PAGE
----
The Shasta Gate: A novel of ascension by Dick Roy
Mythic in scale though decidedly contemporary in tone, The Shasta Gate has all the ingredients for a fabulous story: girl on a horse, guy on a motorcycle, passionate (and erotic) romance, deliciously wicked bad guys—and Ram, a mysterious Native American of fathomless age who may or may not possess extraordinary powers. All are portrayed in a colorful, over-the-top narrative that puts the reader on wheels—or hooves if, like Catherine, you prefer horses to Harleys—for a thrilling page turner of a ride to the novel’s provocative climax.
A fascinating element of the book are the myths and legends surrounding Mt. Shasta, the majestic extinct—or, in view of the story, “inactive”—volcano in northern California where Catherine’s wealthy but remote father owns the Arabian horse ranch that is her refuge. Ram, the ranch’s overseer, is mentor (a sort of native American guru) to the spoiled but appealing young woman and encourages her to “listen” for the lessons the mountain has to teach her.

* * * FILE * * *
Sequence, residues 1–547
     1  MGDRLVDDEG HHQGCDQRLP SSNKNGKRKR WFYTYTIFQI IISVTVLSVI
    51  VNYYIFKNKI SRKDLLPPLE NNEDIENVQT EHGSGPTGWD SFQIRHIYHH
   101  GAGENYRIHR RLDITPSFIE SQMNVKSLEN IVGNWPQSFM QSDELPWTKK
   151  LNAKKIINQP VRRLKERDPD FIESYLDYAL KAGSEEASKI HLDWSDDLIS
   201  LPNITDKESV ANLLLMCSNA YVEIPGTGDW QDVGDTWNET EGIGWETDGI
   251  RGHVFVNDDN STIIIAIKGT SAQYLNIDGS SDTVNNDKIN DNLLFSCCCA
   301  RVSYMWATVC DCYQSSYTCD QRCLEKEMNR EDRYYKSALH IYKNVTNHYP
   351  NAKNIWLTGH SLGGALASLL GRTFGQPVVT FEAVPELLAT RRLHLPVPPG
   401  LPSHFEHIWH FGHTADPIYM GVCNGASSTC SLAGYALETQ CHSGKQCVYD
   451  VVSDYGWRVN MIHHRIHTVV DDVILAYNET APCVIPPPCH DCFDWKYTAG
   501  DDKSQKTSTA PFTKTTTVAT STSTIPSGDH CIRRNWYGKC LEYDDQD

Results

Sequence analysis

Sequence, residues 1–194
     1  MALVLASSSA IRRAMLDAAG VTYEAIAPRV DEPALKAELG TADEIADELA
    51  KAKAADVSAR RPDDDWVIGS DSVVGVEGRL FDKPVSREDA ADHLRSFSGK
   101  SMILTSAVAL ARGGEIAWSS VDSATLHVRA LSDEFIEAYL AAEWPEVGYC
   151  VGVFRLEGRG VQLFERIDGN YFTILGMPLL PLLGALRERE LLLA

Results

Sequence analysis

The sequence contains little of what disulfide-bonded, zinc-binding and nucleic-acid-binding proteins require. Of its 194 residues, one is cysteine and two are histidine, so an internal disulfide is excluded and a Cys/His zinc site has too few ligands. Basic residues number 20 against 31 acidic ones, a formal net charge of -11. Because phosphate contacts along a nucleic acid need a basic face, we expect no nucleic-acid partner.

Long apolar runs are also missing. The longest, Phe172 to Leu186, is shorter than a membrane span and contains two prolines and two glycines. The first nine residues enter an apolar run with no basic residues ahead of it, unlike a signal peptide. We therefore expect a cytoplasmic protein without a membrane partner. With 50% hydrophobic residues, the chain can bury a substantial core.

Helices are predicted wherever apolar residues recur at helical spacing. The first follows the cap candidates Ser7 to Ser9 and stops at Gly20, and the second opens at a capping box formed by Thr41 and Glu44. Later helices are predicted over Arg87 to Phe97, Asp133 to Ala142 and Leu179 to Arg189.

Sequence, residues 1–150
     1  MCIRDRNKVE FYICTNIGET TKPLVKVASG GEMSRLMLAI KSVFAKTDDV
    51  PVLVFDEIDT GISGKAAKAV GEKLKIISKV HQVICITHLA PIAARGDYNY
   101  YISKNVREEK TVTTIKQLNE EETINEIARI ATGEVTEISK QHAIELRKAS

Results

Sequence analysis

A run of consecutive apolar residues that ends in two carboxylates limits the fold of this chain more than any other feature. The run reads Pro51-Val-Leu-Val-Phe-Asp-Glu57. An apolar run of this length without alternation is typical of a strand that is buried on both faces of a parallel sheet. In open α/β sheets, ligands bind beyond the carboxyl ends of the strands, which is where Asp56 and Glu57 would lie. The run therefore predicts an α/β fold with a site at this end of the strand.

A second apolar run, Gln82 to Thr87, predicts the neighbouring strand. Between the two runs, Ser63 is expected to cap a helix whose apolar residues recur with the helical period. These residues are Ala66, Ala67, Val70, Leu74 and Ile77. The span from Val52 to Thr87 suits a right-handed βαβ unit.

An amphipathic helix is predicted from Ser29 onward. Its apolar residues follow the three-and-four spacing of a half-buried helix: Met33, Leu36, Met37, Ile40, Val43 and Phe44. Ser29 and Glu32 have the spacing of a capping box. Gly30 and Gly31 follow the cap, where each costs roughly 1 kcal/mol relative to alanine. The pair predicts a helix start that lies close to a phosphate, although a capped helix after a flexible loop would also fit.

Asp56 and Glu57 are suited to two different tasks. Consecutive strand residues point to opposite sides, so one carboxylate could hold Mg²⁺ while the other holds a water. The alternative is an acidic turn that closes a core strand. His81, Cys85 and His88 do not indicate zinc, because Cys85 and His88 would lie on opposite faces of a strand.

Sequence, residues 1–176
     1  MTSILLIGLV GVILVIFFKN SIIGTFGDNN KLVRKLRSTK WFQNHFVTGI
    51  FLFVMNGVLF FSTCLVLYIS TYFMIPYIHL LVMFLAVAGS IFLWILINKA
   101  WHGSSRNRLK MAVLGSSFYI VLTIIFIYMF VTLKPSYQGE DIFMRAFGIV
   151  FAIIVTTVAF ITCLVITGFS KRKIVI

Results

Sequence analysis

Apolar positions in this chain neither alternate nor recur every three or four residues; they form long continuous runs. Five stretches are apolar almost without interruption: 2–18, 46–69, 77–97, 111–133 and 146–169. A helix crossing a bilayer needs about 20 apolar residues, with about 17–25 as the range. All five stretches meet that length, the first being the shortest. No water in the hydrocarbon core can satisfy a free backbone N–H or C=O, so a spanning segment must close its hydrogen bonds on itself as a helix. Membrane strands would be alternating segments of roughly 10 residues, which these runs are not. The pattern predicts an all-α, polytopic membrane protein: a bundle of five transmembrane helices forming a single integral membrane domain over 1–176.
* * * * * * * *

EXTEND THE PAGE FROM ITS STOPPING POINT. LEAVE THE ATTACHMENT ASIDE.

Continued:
Enter Eugene, an update of the loner-seeker type, drawn to the legendary mountain, who runs into Catherine—almost literally—with a malevolent biker gang on his trail. Action, suspense, and lyrical scenes of youthful discovery and lovemaking are interwoven in the narrative with a spiritual dimension sure to intrigue readers hungry for philosophical speculation. Indeed the spectacular western landscape in which events unfold is as remarkable for its metaphysical ambience as for the beauty and verisimilitude of its descriptive imagery.
The Shasta Gate possesses the timeless qualities of good storytelling: strong, original characters who pull us into their lives for an unforgettable literary experience.
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